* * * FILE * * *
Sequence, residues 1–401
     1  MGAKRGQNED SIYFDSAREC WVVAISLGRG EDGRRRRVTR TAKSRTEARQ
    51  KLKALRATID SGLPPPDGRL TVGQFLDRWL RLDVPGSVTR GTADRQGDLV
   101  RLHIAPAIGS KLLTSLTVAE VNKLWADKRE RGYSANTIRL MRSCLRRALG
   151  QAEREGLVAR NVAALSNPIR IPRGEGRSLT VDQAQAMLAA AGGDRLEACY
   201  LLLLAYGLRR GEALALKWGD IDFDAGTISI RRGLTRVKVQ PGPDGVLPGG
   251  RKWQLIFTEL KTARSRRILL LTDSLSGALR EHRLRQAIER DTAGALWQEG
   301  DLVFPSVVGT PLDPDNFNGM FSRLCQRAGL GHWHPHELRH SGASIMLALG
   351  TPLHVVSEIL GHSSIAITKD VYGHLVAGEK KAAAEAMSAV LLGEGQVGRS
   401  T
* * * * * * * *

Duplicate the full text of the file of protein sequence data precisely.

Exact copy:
Sequence, residues 1–401
     1  MGAKRGQNED SIYFDSAREC WVVAISLGRG EDGRRRRVTR TAKSRTEARQ
    51  KLKALRATID SGLPPPDGRL TVGQFLDRWL RLDVPGSVTR GTADRQGDLV
   101  RLHIAPAIGS KLLTSLTVAE VNKLWADKRE RGYSANTIRL MRSCLRRALG
   151  QAEREGLVAR NVAALSNPIR IPRGEGRSLT VDQAQAMLAA AGGDRLEACY
   201  LLLLAYGLRR GEALALKWGD IDFDAGTISI RRGLTRVKVQ PGPDGVLPGG
   251  RKWQLIFTEL KTARSRRILL LTDSLSGALR EHRLRQAIER DTAGALWQEG
   301  DLVFPSVVGT PLDPDNFNGM FSRLCQRAGL GHWHPHELRH SGASIMLALG
   351  TPLHVVSEIL GHSSIAITKD VYGHLVAGEK KAAAEAMSAV LLGEGQVGRS
   401  T